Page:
The argument goes that since Σ(X - μ)²/N is an unbiased estimate of σ² and since Σ(X - M)²/N is always smaller than e Σ(X - μ)²/N, then Σ(X - M)²/N must be biased and will have a tendency to underestimate σ². It turns out that dividing by N-1 rather than by N increases the estimate just enough to eliminate the bias exactly.

Another way to think about why you divide by N-1 rather than by N has to do with the concept of degrees of freedom. When μ is known, each value of X provides an independent estimate of σ²: Each value of (X - μ)² is an independent estimate of σ². The estimate of σ² based on N X's is simply the average of these N independent estimates. Since the estimate of σ² is the average of these N estimates, it can be written as:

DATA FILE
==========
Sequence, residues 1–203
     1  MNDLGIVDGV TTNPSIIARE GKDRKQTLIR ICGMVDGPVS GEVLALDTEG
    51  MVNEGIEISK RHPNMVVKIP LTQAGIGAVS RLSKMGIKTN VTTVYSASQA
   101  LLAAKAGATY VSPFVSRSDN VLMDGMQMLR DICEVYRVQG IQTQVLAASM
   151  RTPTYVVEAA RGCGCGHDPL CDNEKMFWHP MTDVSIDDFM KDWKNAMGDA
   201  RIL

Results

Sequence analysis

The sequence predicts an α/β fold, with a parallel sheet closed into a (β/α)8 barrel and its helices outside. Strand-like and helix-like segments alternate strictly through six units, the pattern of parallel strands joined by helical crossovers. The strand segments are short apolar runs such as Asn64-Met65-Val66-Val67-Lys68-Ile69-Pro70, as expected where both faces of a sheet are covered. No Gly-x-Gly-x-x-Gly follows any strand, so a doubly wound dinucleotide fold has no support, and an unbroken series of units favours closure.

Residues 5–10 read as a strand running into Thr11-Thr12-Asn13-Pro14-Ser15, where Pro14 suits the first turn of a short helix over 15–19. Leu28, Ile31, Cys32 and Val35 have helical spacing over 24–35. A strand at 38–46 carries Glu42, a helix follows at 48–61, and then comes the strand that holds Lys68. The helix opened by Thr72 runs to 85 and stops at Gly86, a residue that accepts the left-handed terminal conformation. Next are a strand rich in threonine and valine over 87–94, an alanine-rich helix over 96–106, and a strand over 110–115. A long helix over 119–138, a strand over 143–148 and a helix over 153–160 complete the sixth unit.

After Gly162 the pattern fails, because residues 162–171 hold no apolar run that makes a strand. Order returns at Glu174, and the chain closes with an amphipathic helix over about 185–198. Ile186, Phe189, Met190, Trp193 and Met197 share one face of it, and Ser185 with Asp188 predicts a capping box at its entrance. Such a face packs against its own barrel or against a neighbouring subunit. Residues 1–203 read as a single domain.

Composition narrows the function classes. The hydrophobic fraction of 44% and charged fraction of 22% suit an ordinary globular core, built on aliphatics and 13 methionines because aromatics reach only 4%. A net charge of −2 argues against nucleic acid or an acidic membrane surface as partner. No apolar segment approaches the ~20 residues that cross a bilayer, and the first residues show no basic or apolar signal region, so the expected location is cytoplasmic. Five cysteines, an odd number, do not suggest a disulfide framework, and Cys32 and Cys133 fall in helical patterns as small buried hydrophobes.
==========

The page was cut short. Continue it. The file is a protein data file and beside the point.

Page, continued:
where there are N degrees of freedom and therefore df = N. When μ is not known and has to be estimated with M, the N values of (X-M)² are not independent because if you know the value of M and the value of N-1 of the X's, then you can compute the value of the N'th X exactly.